When it comes to decision making, we love to think of ourselves as thoughtful, rational beings. And in marketing, we extend that same line of thought to our customers. We imagine them carefully assessing and analyzing our offering. Poring over every detail. 

But the truth is your customers, like everyone, mostly make intuitive, emotional buying decisions.  According to Harvard Business School professor and author, Gerald Zaltman, 95% of our purchasing decisions are subconscious. 

It’s yet another reminder on why marketing messages that lead with features and functional descriptions make it hard to win folks over.

I heard a quote recently that drives this idea home from another angle. It came from Congresswoman Alexandria Octavio-Cortez in a recent interview on Pod Save America

The quote was in reference to connecting with voters around complex legislation:

“We have to be master storytellers. My personal advice in terms of storytelling is to make arguments with your five senses and not five facts.”

She followed that by saying we of course need to “use facts as supporting evidence”. But the entry point is to speak to our shared “human experience”.

AOC used her emotional storytelling skills to upset a 10-term incumbent in her 2018 primary. She followed that by winning 78% of the vote over her republican opponent in the election.

The point here isn’t about a specific political stance, but about how to deliver an engaging message.

With business just like politics, there’s a constant push and pull between our heart and our head. But it’s less a question of which content to share, and more how you share it and in which order.

As humans there’s a hierarchy for how we process information:

  1. Emotional, intuitive reactions come first
  2. Logical, deliberate analyzing come second

To make effective connections in our marketing messages, we need to speak to our customers on an emotional level first. 

There are plenty of emotional connections to make beyond our five physical senses (more on that below). But to stay with the theme of the quote, here are five good examples of emotion-focused messaging aimed at our senses.

1. Taste: Eating Europe


This first example is from one of our favorite clients at Map & Fire. Eating Europe provides immersive food tours in several popular European cities — Rome, Paris, London, Lisbon, and more.

Their focus though is to expose visitors to the food and vendors that are popular with locals. It’s meant to give you a true insider look at the city.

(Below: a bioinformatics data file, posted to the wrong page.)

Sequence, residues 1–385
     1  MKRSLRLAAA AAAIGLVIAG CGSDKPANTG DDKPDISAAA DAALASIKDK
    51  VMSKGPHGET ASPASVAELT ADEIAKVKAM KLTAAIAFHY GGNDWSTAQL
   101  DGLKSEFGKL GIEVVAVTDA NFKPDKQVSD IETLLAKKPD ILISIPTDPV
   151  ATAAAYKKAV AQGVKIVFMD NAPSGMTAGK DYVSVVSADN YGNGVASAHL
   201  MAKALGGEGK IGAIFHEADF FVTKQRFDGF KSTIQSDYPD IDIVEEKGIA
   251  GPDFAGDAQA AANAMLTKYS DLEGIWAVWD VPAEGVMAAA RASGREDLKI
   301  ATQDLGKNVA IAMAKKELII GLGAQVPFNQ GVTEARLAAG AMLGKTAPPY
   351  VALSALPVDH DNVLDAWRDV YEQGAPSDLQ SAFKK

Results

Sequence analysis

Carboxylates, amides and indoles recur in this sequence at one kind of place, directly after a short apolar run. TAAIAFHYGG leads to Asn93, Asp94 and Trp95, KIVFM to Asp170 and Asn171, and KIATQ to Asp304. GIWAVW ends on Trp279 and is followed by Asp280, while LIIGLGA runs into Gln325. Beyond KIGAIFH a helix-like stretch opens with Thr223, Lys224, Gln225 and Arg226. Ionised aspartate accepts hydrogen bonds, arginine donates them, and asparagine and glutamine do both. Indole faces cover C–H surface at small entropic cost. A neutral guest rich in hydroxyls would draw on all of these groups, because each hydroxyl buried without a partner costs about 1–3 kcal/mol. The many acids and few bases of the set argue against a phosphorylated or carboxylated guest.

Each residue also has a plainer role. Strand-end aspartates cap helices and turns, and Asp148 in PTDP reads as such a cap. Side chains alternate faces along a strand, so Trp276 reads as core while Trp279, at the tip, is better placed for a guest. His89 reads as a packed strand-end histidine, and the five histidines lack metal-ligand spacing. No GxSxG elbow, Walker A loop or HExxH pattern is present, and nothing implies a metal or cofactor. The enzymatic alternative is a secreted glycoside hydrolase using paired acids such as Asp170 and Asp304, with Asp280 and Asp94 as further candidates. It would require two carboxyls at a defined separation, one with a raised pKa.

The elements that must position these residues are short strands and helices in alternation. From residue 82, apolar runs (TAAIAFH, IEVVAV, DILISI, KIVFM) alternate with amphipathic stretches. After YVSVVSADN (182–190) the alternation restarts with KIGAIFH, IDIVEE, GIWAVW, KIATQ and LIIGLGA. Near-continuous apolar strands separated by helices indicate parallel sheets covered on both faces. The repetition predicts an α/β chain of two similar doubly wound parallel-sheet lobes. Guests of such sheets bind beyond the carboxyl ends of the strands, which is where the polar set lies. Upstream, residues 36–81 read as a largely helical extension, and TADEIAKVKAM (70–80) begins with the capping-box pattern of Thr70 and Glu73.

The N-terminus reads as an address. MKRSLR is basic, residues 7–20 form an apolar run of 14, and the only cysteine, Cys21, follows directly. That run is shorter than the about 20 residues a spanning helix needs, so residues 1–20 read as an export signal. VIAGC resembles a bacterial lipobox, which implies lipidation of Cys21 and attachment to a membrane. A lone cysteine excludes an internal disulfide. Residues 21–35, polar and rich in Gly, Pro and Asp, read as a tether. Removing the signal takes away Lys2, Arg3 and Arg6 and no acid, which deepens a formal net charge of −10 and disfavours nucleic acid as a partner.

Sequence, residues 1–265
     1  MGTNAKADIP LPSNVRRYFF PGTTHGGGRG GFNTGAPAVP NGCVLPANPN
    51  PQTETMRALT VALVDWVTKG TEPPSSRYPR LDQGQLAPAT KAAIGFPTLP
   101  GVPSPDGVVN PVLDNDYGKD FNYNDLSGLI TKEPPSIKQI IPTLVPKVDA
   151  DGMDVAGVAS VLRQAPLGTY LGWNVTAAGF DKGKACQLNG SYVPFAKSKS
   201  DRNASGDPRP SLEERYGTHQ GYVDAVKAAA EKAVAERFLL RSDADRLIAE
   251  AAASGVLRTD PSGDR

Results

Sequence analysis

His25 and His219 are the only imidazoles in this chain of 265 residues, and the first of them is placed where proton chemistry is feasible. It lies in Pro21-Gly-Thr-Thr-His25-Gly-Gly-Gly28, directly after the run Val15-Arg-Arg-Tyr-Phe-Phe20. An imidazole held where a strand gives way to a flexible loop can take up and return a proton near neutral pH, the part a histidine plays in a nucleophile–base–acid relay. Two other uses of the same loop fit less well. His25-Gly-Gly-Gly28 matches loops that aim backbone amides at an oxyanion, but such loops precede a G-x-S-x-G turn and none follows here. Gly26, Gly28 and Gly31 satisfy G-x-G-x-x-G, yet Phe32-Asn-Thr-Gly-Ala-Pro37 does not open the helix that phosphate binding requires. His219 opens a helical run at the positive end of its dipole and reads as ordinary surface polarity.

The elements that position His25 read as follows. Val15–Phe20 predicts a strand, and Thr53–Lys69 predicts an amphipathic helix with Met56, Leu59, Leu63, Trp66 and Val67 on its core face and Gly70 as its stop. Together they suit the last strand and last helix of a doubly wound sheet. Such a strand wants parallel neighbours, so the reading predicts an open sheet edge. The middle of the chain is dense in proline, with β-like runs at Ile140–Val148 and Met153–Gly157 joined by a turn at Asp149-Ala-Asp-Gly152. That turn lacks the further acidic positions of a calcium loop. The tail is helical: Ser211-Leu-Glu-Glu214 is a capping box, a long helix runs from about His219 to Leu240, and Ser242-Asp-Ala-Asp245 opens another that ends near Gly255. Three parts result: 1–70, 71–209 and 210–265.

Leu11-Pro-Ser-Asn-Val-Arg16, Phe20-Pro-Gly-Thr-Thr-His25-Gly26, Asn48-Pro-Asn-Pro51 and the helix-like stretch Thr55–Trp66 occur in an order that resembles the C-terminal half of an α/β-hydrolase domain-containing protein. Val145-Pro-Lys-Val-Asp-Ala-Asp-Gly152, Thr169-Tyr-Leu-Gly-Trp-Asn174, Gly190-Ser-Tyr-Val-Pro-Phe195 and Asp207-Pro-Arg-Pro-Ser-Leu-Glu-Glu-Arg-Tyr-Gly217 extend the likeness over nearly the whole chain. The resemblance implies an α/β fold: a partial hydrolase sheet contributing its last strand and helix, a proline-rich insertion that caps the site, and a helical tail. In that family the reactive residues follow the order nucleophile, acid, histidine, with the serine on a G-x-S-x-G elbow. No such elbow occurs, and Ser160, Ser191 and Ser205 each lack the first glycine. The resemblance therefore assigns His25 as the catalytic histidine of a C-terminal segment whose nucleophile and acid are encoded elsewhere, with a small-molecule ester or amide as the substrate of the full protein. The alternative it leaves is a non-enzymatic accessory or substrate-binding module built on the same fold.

The messaging we worked on together centered around capturing the emotion of shared experiences while tasting the most delicious food and drink available. 

2. Hear: Polk

Polk makes a wide range of high end speakers for home and outdoor use. 

Rather than emphasizing the specs of their equipment though, they opt for some simple, emotional headlines. They target evocative listening words like “Loud” and “Thunder”. 

Audiophiles might like to nerd out on features, but at the end of the day that subwoofer better thump your chest and shake your butt.

3. See: Sequoia & Kings Canyon National Parks

National parks are all about sensory overload. And California’s sequoias are one of the most visually dramatic sights I know I’ve ever witnessed.

Some of these giants measure hundreds of feet tall, a hundred feet in circumference, and have existed for over two thousand years

The smells of these forests are incredible as well. But Sequoia & Kings Canyon National Parks want your focus on the jaw dropping visual spectacle.

4. Smell: Homesick

There’s been lots of research done around why smells can trigger deep emotional responses for people. That’s exactly what Homesick targets with their candles — tapping into smells that remind you of a particular place and time.

Whether it’s a national park, your home state, or a time of year, the right smell can evoke feelings of happiness and calm.

There are other industries with iconic smells, like coffee and bakeries that we expected would focus messaging around smells. Sadly, we couldn’t find any good examples. There might be an opportunity for a company to step in and claim that space!

5. Touch: Patagonia’s Worn Wear

Patagonia is an awesome brand in terms of their quality and company culture. In addition, they’ve been pioneers in environmentally friendly business practices. 

To support their vision, they created a program called Worn Wear. On their website, customers can trade in or buy used clothing and equipment. It extends the life of products and keeps clothes out of landfills.

Their messaging and images capture the emotional feel of using an item that’s got some life in it. And rather than viewing pre-worn clothes as some sort of negative, they celebrate the stories and character that come with those items.

What Emotions Can Your Brand’s Messaging Tap Into?

There are lots of ways to connect emotionally with your customers. Once you identify the elements that are most relevant to your audience (check out all of our content on the Elements of Value) then you can craft messaging that speaks to those needs.

The important point though is that you’ll have more success connecting with customers if you speak to them on an emotional level before you try to win them over with features and facts.

Get Help With Your Brand’s Messaging

If you’re ready to craft emotionally engaging messages for your brand reach out for a free consultation. We’ll help you transform your best business thinking into an actionable, shareable, growth-oriented guide. Click below to learn more about the Brand Guidebook process.